One of the central environmental questions of everyday life in twentieth-century Britain was that of waste disposal. In the 1900s there was widespread advocacy of incineration as a disposal technology by many experts. By the 1930s, controlled tipping (landfill) had come to serve this role. The objective of such technologies was to render the city sustainable by cleansing it of filth and refuse, the products of which were deposited upon marginal areas. This story is well-known. What is less well-know is the sometimes vehement opposition of those affected by refuse disposal. Local authorities, central government and private companies were all subject to complaints by residents affected. One of the key issues was the priority afforded by experts to the needs of the city over those of rural/marginal urban areas, where disposal sites were often located. At stake was a fundamental power struggle to control technology and the privileging of urban space and different conceptions of the value of nature. Opponents of controlled-tipping were often at pains to protect old-quarries and pieces of ‘waste’ land from being transformed from spaces of play and enjoyment of nature, to flat artificial spaces of plain, boring utility. Indeed, in everyday opposition to refuse tipping the defence of play was as often as important as the defence of nature.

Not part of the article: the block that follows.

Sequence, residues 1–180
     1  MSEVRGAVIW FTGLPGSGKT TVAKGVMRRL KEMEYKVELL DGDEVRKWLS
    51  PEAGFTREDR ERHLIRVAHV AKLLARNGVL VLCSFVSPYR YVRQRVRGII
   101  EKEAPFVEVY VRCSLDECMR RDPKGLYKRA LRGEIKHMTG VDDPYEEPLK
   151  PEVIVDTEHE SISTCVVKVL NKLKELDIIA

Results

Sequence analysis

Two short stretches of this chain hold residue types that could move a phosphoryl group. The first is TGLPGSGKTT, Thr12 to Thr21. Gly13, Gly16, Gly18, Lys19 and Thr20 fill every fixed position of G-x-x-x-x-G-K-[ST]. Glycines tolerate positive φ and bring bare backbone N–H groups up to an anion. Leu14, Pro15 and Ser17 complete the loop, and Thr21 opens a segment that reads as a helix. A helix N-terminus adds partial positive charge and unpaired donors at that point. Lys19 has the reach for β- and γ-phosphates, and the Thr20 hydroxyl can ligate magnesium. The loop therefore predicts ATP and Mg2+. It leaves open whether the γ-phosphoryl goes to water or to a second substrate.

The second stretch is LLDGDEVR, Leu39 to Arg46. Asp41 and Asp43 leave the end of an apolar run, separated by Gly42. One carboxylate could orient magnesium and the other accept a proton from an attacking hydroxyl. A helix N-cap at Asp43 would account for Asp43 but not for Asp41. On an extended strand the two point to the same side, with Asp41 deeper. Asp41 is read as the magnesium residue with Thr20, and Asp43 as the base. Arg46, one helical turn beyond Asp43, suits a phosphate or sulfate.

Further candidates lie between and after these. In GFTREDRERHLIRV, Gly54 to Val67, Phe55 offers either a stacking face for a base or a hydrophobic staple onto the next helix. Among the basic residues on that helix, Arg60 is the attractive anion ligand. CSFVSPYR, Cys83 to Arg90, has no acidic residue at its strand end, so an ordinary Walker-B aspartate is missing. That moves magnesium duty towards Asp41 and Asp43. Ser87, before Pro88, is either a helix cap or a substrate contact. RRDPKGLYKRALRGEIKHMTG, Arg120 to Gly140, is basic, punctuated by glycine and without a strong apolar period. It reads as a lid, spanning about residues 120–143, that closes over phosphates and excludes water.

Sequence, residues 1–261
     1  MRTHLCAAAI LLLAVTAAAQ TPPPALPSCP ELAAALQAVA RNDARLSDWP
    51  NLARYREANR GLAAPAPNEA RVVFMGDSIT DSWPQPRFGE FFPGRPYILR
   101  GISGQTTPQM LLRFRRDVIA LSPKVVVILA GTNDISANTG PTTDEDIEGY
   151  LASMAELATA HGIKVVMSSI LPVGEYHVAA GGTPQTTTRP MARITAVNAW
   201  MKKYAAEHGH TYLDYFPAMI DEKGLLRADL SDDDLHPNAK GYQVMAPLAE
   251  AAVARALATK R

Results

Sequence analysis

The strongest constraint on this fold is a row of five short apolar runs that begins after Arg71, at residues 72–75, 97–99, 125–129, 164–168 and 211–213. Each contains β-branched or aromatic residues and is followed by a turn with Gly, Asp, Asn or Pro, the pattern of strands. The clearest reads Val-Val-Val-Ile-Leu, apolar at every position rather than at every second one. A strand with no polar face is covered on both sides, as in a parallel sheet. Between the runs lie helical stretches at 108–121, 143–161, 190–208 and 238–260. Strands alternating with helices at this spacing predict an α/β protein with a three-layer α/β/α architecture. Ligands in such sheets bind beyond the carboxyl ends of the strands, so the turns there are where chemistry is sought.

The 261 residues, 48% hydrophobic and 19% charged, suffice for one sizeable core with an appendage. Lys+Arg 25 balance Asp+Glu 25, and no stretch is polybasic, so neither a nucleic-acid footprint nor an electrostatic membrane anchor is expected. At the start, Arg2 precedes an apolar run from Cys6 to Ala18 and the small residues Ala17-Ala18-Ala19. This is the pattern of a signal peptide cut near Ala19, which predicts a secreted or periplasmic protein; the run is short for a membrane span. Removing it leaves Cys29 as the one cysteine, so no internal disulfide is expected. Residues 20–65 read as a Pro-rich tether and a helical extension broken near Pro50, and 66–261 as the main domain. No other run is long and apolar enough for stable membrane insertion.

The 1970s saw the first attempt to politically mobilise the power of these everyday politics in the rise of a recycling movement propounded by organisations such as Friends of the Earth. In its early days recycling was very much a ‘people’s’ movement, coming out of local communities as a political intervention into what was seen as the excesses of consumerism. Unfortunately, this link between recycling and everyday life was diluted in the 1980s and 1990s, as recycling schemes were increasingly subsumed by local authorities and then private industry. Today, recycling imposes a great deal of household labour, the profits of which go largely to privatised waste collection and disposal firms. However, the everyday politics of waste are still with us in, for example, the vehement opposition across the country to the imposition of waste incinerators as the ‘green’ alternative to landfill. Historically speaking, this opposition is quite right to be sceptical, as technologies of disposal have come and gone during the twentieth century, often with little regard to the needs of people or environment.